Always book tours or skip the lines tickets with GetYourGuide (you get a mobile ticket + free cancellation). Tickets from the attractions’ official websites are mostly non-refundable.

    Mapfind here a map of this 2-day itinerary for Bangkok (with all attractions and restaurants’ websites).

    2 Days in Bangkok itinerary – Day 1

    I suggest having breakfast at your hotel on both days to ensure you can start your day early. This will help you avoid the crowds and the afternoon heat. Additionally, you’ll likely need between 40 minutes to an hour to get to the first attraction, even if you’re staying in a central location, as Bangkok is quite large. For example, I stayed in Sukhumvit (the best area for first-timers), yet it still took me an hour to reach the Grand Palace.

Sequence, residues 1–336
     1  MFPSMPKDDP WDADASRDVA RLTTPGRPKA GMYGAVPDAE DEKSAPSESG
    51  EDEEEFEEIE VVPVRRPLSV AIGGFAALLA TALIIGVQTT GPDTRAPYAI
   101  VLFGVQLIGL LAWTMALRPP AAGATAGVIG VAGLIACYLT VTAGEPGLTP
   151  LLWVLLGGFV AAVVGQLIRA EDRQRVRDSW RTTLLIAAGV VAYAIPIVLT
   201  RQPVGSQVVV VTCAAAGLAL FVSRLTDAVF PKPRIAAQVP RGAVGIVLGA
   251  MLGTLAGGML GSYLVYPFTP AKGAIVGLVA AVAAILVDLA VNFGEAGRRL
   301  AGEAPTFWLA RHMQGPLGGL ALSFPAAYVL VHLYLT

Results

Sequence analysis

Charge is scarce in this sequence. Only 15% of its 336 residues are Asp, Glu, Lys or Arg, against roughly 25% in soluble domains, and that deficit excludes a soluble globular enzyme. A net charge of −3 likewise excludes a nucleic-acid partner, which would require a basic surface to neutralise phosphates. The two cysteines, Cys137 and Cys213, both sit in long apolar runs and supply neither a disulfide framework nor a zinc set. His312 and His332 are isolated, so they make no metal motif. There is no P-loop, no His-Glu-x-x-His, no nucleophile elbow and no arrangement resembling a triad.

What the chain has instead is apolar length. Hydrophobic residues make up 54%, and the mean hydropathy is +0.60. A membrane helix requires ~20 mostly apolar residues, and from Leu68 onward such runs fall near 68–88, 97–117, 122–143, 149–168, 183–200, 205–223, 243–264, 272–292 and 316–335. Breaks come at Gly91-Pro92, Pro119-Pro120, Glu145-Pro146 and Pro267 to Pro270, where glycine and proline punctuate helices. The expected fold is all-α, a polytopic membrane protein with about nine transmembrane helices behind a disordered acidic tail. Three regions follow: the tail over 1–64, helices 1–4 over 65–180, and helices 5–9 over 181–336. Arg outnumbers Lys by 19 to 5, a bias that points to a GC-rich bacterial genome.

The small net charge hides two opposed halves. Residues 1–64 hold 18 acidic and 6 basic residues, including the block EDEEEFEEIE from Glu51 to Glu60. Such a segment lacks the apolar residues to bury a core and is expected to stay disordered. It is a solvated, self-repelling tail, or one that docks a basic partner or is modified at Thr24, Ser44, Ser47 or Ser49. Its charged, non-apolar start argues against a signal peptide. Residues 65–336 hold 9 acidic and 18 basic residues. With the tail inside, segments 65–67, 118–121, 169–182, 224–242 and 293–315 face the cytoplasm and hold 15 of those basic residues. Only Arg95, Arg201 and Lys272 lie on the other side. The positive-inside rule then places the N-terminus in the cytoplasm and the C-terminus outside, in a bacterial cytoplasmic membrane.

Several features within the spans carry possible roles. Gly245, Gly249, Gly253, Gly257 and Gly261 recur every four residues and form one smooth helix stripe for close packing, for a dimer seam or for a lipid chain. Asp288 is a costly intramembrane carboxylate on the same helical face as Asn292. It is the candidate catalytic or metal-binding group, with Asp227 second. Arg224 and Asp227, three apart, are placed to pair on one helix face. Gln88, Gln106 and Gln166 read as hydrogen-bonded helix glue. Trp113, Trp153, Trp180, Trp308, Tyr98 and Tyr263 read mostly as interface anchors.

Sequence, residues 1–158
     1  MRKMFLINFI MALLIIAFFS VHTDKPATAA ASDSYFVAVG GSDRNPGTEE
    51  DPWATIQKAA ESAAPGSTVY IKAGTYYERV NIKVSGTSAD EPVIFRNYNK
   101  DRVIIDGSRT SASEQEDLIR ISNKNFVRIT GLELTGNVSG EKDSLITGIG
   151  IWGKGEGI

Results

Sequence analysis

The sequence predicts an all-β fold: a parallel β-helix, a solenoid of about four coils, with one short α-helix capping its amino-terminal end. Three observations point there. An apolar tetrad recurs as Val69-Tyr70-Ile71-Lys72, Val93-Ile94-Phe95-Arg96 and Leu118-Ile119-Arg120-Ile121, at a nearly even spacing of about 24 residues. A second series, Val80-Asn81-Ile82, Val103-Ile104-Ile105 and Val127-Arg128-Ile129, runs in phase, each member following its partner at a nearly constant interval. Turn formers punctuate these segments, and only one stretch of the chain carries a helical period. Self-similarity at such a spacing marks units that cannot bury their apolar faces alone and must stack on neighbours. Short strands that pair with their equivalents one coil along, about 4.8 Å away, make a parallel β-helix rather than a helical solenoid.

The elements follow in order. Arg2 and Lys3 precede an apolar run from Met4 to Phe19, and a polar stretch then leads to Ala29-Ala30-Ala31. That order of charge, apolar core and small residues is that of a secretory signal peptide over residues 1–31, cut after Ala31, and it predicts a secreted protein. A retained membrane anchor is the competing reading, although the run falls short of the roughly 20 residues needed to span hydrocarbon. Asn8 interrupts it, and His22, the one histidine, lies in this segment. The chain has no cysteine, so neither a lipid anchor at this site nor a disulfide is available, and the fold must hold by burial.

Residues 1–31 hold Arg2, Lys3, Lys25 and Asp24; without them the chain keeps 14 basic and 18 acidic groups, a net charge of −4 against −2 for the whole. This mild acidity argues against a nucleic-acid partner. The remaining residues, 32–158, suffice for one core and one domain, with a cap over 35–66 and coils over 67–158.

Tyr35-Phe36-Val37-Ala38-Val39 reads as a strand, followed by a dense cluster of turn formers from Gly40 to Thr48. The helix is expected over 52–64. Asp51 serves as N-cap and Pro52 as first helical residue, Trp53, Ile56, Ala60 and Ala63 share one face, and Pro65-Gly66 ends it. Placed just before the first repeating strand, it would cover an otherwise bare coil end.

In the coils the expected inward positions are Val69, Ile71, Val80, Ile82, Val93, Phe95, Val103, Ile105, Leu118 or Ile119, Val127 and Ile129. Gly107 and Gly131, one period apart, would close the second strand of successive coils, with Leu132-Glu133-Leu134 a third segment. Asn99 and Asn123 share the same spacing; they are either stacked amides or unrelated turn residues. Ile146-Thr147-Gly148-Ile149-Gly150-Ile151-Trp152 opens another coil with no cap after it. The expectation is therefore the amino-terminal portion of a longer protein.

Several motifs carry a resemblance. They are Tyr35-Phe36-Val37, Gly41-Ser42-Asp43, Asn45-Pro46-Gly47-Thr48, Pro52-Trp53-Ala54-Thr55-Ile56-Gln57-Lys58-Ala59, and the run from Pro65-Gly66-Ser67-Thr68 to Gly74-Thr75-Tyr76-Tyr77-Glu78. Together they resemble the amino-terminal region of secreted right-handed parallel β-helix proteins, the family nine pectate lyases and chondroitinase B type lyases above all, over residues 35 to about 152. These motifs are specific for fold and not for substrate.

Grand Palace

    08:30 AM – 10:45 AM

    The Grand Palace in Bangkok is one of Thailand’s most iconic landmarks. It was established in 1782 by King Rama I, the founder of the Chakri Dynasty. The palace served as the royal residence and administrative seat for the kings of Thailand until 1925. Today, it is used only for official ceremonies.

    The Grand Palace is a huge complex of buildings and temples, richly decorated with colourful mosaics, intricate details, carved rooftops and gilded spires. Its entrance is guarded by impressive statues of yakshas (mythical giants), who are believed to protect the palace from evil spirits.